Shadowplay (Blake's 7 zine)
|Author(s):||Susan R. Matthews|
|Cover Artist(s):||Karen River|
|Date(s):||January 1988 (separately), 1989 as series single volume|
|Medium:||print zine, fanfic|
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Shadowplay is a 122-page gen Blake's 7 novel by Susan R. Matthews.
It was edited by Jude Wilson. Regina Gottesman edited the first two installments in the series.
The art, including front cover, is by Karen River. The back cover is blank.
It is part of a series that was published separately, and then in 1989, as a single volume:
Sample Interior Gallery
Reactions and Reviews of the Trilogy
A very very good AU story built around the relationship between Avon and Blake - with one enormous flaw.
Any fan of Avon-torture must enjoy this one. The whole premise of the story is built on his suffering the most appalling agony at Servalan's hands - to put it as non-spoilingly as possible, the torture is almost entirely mental and emotional, and tied very tightly to the close relationship - the love - between him and Blake, which is turned against them both. And the story follows the results of that torture.
Both men are well-written (though I would have preferred a little more reserve in Blake, who was a *touch* too sentimental over Avon for my tastes) and the fierce bond between them very believable. The other characters are quite well-done, especially (in my opinion) Tarrant, who comes over as brash and irritating, but also quite likeable and sympathetic, not an easy mixture to achieve. Vila is a little duller than I like him, somewhat humourless, but not too bad. Servalan is even nastier than in the series, a mixture of sadism, slightly decayed sweetness and steely calculation, and she and her subordinate, who supervised the torture, share some rather enjoyable if psychologically ugly scenes.
Now. The flaw. For the first time, I found myself thinking 'this would have been better as slash.' Cally - one of the three major characters, as central as Avon and Blake - is in my opinion *dreadfully* written (and in a good story, a flaw like this stands out all the more). She starts off by being sullenly dull, and half-way through turns placidly dull - positively bovine. And so the Avon/Cally relationship falls as flat as a three-week-old pancake; even he is duller in their scenes together. There is so much more real emotion in the Blake-Avon scenes that it makes the 'romance' slightly ludicrous to me.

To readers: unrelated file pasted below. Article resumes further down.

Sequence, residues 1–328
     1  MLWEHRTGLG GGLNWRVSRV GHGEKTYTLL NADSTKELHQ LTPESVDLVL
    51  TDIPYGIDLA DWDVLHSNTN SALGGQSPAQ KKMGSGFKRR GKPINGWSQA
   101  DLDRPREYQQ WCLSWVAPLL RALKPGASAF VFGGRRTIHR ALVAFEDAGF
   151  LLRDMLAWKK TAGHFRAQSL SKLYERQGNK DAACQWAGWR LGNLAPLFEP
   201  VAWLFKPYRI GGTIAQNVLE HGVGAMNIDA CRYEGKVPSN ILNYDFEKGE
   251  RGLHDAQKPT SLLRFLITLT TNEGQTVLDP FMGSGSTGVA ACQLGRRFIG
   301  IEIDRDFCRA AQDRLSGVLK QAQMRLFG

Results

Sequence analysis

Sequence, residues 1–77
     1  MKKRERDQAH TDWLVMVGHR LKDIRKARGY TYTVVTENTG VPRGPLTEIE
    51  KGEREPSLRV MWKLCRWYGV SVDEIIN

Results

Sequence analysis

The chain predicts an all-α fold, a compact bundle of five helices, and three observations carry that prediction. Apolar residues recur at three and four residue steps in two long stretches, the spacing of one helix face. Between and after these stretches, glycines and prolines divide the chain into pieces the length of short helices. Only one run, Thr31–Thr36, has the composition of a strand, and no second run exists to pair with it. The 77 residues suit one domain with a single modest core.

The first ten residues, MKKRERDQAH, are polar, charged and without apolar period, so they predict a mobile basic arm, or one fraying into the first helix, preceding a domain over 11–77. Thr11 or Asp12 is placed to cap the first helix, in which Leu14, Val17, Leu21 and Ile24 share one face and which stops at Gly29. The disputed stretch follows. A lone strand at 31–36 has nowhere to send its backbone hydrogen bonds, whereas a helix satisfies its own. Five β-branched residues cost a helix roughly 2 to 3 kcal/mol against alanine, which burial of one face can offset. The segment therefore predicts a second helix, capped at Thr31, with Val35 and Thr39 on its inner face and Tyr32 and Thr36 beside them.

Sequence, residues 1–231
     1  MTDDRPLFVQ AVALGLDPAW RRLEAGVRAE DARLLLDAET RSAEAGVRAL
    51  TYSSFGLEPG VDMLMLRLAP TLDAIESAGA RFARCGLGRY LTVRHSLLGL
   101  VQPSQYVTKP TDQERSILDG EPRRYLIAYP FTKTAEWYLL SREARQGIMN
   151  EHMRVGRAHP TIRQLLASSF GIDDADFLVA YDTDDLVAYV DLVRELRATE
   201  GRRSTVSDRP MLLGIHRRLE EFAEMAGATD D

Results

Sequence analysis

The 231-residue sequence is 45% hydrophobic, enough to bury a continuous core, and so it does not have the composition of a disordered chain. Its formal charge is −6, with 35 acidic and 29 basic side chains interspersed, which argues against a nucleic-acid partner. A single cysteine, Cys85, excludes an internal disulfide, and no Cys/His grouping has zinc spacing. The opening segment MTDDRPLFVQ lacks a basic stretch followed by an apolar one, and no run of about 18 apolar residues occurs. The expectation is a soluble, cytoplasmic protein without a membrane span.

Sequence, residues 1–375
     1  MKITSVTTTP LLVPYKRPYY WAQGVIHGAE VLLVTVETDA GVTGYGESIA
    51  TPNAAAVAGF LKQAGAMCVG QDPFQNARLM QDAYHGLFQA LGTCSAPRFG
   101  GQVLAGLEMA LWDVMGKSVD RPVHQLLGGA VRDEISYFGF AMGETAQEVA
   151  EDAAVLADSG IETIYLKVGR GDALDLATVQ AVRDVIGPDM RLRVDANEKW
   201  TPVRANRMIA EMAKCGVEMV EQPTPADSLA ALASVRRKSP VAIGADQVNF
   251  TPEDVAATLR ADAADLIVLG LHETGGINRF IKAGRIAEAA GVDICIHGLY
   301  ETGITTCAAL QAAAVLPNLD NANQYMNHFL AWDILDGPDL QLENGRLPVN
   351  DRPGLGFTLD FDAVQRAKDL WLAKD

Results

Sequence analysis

A lesser fault of the story is its slightly humourless quality. The blend of angst and humour that helped make the series so fascinating is admittedly very hard for writers to achieve - especially with an angst level as high as in *this* story - but I did miss the humour that the TV Avon and Vila, especially, could inject into the most grim of storylines. There were odd attempts at humour - especially the end - but they didn't work as well as the drama.
Nevertheless, if you like to see both Avon and Blake put through the wringer, physically and emotionally, as thoroughly as possible - lots and *lots* of hurt and some comfort to sweeten it at the end - this is definitely worth reading and re-reading.There are two sequels to "The Mind of Man" and both have some good points, but are inferior to the first. Mascarada has a quite well-done Jenna, a nicely twisted Dorian, and a mildly dull plot. And the third one Shadowplay has some of the best ideas of the three (a dangerously desperate faux-Scorpio crew, and Avon being forced to relive the worst moment of the torture from the first - this *should* have been explosive) but the whole work is so diffuse, the characters so bland (even Blake and Avon are almost placid this time around, and Cally - tranquil to the point of stupefaction and hugely pregnant in the bargain - has nothing in common with the TV character but the name) that these threads can't have the impact they should have. It also introduces Avon's small son. There ought to be a rule banning this - I have yet to see a story where giving Avon children wasn't a mistake.